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Worms in Cats: How to Identify, Treat, and Prevent Them

Cat worms identify: Learn how to identify symptoms of worms in cats, understand the types, and find out the best treatment options for a healthier pet.


This pet health content was written by a veterinarian, Dr. Debora Lichtenberg, VMD. It was last reviewed on May 24, 2024

If you have questions or concerns, call your vet, who is best equipped to ensure the health and well-being of your pet. This article is for informational purposes only and is not a substitute for professional medical advice, diagnosis, or treatment. See additional information.

worms in cats image
Worms in cats are a very unpleasant experience for everyone
Photo: Wouter van der Vet

Understanding Worms in Cats

Worms in cats can cause significant health issues. Understanding the symptoms of worms in cats, types, and treatments for these parasites is crucial for your pet’s health.

“Worms” — this is actually a common misnomer for gastrointestinal (GI) parasites. That’s because all GI worms are parasites but not all GI parasites are worms.

There are truly only 6 GI parasites common in cats, the first 4 of which are, well, worms.

For comprehensive information on worms in dogs, including hookworms, refer to our detailed article on hookworms in dogs.

Types of Worms in Cats

Roundworms are visible to the human eye and look like spaghetti. Photo: Pongsak Tawansaeng


These worms occur in dogs (Toxocara canis) and cats (Toxocara cati) and are super-obvious spaghetti-looking worms that are highly visible to the naked eye. They are also called ascarids.

Your pet might vomit up a big pile of them or pass a pocketful of them in poop. To top off the yuck factor, they are often moving!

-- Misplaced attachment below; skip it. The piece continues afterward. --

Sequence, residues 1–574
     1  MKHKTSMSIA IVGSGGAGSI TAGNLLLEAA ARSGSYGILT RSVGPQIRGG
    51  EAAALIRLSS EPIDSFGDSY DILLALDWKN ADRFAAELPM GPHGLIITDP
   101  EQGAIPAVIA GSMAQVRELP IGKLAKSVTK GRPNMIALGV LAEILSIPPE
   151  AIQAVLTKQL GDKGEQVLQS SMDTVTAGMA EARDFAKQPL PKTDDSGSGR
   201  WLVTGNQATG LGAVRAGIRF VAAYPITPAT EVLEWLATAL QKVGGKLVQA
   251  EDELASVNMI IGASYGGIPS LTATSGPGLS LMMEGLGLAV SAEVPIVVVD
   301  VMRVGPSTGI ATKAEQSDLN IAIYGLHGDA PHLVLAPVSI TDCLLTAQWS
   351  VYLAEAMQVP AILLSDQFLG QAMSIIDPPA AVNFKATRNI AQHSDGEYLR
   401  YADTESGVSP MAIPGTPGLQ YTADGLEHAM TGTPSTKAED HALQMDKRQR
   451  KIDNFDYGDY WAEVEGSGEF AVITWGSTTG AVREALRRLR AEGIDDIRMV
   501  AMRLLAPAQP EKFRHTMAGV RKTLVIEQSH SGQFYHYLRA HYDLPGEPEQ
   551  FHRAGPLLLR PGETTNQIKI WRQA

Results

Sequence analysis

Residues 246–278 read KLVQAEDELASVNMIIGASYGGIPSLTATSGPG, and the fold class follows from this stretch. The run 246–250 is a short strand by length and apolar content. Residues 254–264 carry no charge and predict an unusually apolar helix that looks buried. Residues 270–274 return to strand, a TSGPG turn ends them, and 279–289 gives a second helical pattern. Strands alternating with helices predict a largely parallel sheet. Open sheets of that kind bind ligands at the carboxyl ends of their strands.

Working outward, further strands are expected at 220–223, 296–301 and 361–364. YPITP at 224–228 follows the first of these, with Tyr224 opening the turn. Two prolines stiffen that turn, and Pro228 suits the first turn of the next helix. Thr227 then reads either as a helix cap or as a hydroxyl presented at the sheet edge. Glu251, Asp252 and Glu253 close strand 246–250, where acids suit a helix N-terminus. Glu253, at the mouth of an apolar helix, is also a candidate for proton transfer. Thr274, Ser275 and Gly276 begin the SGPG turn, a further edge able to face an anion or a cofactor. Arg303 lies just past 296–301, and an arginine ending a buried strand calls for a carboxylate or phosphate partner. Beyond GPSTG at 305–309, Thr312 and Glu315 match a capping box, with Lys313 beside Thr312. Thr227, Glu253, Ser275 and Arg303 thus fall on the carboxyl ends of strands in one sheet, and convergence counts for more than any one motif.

Puppies and kittens routinely get these worms from their mothers. Adult dogs and cats get them from infected feces. And dogs can certainly get them from eating poop.

Rarely, roundworms can infect people. Kids are more at risk because they might be playing in sand or soil with infected fecal matter.

Roundworm infections in people can be very serious. The worm can migrate to the eyes, lungs and other organs. Washing hands and cleaning up all pet excrement safeguards against this rare zoonotic disease.

In adult dog tapeworms like this one, segments break off from the “parent.” Photo: CDC’s Division of Parasitic Diseases


Tapeworms (Dipylidium caninum) are little flat worms that you can see in poop, but they’re not as disgusting as roundworms, in my opinion.

To use yet another food analogy, they look like rice — or, for the more discerning palate, orzo.

A tapeworm is a long, flat, off-white worm, but they are segmented. Often, you find only pieces of a tapeworm that look like rice grains in feces or taking up real estate around your pet’s anus, dried up on the fur.

Once in a while, you get to see a long, living tapeworm doing its slinky dance and pulsating out in little segments.

Tapeworms are generally contracted when your dog or cat eats a flea while grooming. The tapeworm eggs are inside the flea but can’t come to full maturity until eaten by a mammal.